Talk about the process of writing lyrics and singing for a microtonal JI track.

You know it was a lot easier than you might imagine. I mean, you would understand, as a member of a choir, you just adjust. And I’m singing in what is considered 5-limit, which means I’m not singing quarter tones. I’m essentially singing in a mean tone, or 12-tone equal tempered system, it’s kind of the same range. So I’m using familiar intervals, major 3rds and minor 7ths and all that stuff, and adjusting depending on the harmony. It took me a while to really find where I wanted it to be, but I’m not singing crazy quarter tones.

It was more like the leaps I feel, and there were a couple times, like the line “there’s no sound in the air”.

Yeah, like that half step is small, that kind of thing.

Did you do that all in one take?

No, I had the demo in my car a bunch, and I just sort of worked on it.

And just did it intuitively.

It was intuitive, yes. I didn’t have a synthesizer where I was checking stuff. If it sounds good, it is good.

And you said that you use guitars that combine together and make the scale, because they hocket together or something?

Oh, on the last track. So that’s in 17-EDO, which is 17 equal divisions of the octave. I tuned six guitars to that scale. In 17-EDO the fifth is 705 cents, so that means 4ths are good, octaves, and 5ths are good. So on a guitar you just play 5th frets, and fret 12, 17, 19. So that was the only thing the players could play. But each guitar was in a different tuning system so I could cover the whole ground. I had a keyboard with stickers on it to make sure I could get all the notes, and then wrote essentially one guitar part, just played between a bunch of guitars.

This is a concept album too. There was one really cool description on the site talking about the colors that you see.

Yeah, I have synesthesia a little bit. It helps me compose and that’s how I experience music. Songs or albums to me have a definite color scheme and I can’t change that in my brain. I guess it’s useful in a minor degree, but it’s more or less just kinda fun.

Did you talk to the website designer about the colors?

Yeah, I gave her a color scheme and described the locations that I had in mind when composing for it, and she totally took it in her own direction. It was just, “Here’s the very basic bare bones information, do what you will.” She did an amazing job. It’s her own work of art.

You’re graduated with a Master’s now. I’m curious about the practical side of doing music like this. Obviously this isn’t trying to be the next Top 40. It’s a passion for you.

Exactly.

So, especially for people interested in doing this kind of music, what would your advice to them be?

Well, my advice would be to completely ignore your theory from the get go, and tune your keyboard, or your instrument or whatever you got to something fucked up and try to make some music with it. And then, once you do… I mean that’s what clicked for me. Honestly, I took Wolfgang’s class for a year and just sat there and took it. It was like, “Wow, that’s far out.” But it wasn’t until the summer that I had time to retune my keyboard, and as soon as I got an idea working a lightbulb went off. And that’s when I dove into real research.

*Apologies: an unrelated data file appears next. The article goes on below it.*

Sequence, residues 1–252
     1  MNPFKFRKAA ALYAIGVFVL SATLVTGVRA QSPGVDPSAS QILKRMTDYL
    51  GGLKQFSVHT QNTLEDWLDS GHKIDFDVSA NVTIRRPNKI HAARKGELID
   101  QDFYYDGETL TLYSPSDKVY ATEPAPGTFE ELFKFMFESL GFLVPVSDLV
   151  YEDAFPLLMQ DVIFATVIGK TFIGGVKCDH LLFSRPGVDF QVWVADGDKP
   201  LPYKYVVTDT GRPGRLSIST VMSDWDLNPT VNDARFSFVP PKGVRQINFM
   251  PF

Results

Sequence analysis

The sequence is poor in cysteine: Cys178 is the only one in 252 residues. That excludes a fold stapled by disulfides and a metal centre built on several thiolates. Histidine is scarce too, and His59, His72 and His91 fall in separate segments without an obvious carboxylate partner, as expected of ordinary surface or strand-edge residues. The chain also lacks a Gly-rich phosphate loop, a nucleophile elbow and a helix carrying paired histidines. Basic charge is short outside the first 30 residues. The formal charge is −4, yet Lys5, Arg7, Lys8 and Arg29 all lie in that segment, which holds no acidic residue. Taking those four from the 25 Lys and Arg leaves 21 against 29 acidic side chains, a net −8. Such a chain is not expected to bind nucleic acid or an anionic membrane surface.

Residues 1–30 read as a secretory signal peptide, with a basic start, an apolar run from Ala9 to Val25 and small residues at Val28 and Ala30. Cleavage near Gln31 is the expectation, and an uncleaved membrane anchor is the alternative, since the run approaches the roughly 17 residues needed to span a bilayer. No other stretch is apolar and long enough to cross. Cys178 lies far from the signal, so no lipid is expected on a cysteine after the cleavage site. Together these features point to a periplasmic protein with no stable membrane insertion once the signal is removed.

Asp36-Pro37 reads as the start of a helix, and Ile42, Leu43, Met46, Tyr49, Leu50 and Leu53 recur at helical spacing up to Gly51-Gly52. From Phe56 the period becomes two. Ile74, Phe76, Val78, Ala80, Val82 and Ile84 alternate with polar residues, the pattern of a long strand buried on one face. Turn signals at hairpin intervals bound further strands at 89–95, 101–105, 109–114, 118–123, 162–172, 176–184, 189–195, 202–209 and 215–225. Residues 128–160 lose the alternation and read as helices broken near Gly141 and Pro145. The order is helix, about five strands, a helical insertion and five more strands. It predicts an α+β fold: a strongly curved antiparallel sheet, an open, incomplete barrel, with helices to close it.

When you would do a new tuning, how much did you know going into it? Or would you just fuck around?

Well, I had Harry Partch’s Genesis Of A Music, and in the back he has an appendix of all the JI intervals he has on his chromelodeon and the set values. So I made a copy of that and put it on my wall in front of my workspace. And I was like, “I wonder what that interval sounds like?” And I would tune it to that and listen and go, “Whoa, that’s weird, I’m gonna keep that in the scale,” or “I don’t like that interval,” and construct a scale just to try the intervals initially. Some of the scales worked as an entity, some of them didn’t, and then I just started writing pieces. Eventually I realized there were all these other temperaments, different divisions of the octave that weren’t possible on a 12-note repeating scale, and that’s when I realized I need to get Lil’ Miss Scale Oven and start hacking into the applications.

Once I did that it was off to the races. I think you need to understand music and theory to a certain extent, but you can really use your ears a lot. I think the important thing that I realized is that there are interval categories that you can’t erase out of your brain, like major 3rds, minor 2nds, stuff like that. But there are other interval categories that we don’t have access to in 12-tone equal temperament, like neutral intervals, that quarter tone that I mentioned, the 11th partial, some argue the natural 7th partial, we just don’t have access to those notes in our scale. But other scales you do, and in different divisions of the octave you get good approximations of those intervals. So, just getting your brain wrapped around those, and using those compositionally… it’s trial and error. There are theory books out there, but, I guess if you have the right type of brain you could go that route. That’s cool, but for me, I just made music with it and tried to understand it.

What are some intervals that you’re particularly fond of?

Well, I think when you’re first starting, the 11/8, that’s the clincher for most people. The 11/8 is that quarter tone between the 4th and the augmented 4th. Because when you hear that as a consonance, and it’s a note you haven’t heard before, and it’s an interval category you haven’t heard before… it’s not a fourth, it’s not a tritone, it’s like this weird thing, and that it sounds beautiful… that is pretty cool. And notes based off of that are neutral intervals. Because it’s a quarter tone, you get a neutral seventh, which is between a minor 7th and a major 7th, but it’s consonant. There’s neutral 2nds which I think are really beautiful. I guess I’m just really into neutral intervals.

All of these tracks are either in 4 or 3 time, aren’t they?

Yeah, there’s not very much odd meter at all.

Was that a conscious decision, or more because you had that intuitive approach?